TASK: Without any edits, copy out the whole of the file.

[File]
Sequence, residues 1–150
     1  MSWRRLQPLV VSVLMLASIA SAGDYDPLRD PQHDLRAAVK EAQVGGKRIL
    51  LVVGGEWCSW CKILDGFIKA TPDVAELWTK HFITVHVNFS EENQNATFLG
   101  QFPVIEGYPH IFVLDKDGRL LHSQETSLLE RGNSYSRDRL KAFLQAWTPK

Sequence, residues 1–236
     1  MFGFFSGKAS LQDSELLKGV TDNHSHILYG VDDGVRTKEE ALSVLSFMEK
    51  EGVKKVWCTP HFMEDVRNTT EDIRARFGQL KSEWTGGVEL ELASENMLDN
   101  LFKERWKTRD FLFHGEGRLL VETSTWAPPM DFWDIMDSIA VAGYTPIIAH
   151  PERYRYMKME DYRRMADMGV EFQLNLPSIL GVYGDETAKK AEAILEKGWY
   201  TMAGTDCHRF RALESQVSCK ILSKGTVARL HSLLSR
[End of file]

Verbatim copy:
Sequence, residues 1–150
     1  MSWRRLQPLV VSVLMLASIA SAGDYDPLRD PQHDLRAAVK EAQVGGKRIL
    51  LVVGGEWCSW CKILDGFIKA TPDVAELWTK HFITVHVNFS EENQNATFLG
   101  QFPVIEGYPH IFVLDKDGRL LHSQETSLLE RGNSYSRDRL KAFLQAWTPK

Sequence, residues 1–236
     1  MFGFFSGKAS LQDSELLKGV TDNHSHILYG VDDGVRTKEE ALSVLSFMEK
    51  EGVKKVWCTP HFMEDVRNTT EDIRARFGQL KSEWTGGVEL ELASENMLDN
   101  LFKERWKTRD FLFHGEGRLL VETSTWAPPM DFWDIMDSIA VAGYTPIIAH
   151  PERYRYMKME DYRRMADMGV EFQLNLPSIL GVYGDETAKK AEAILEKGWY
   201  TMAGTDCHRF RALESQVSCK ILSKGTVARL HSLLSR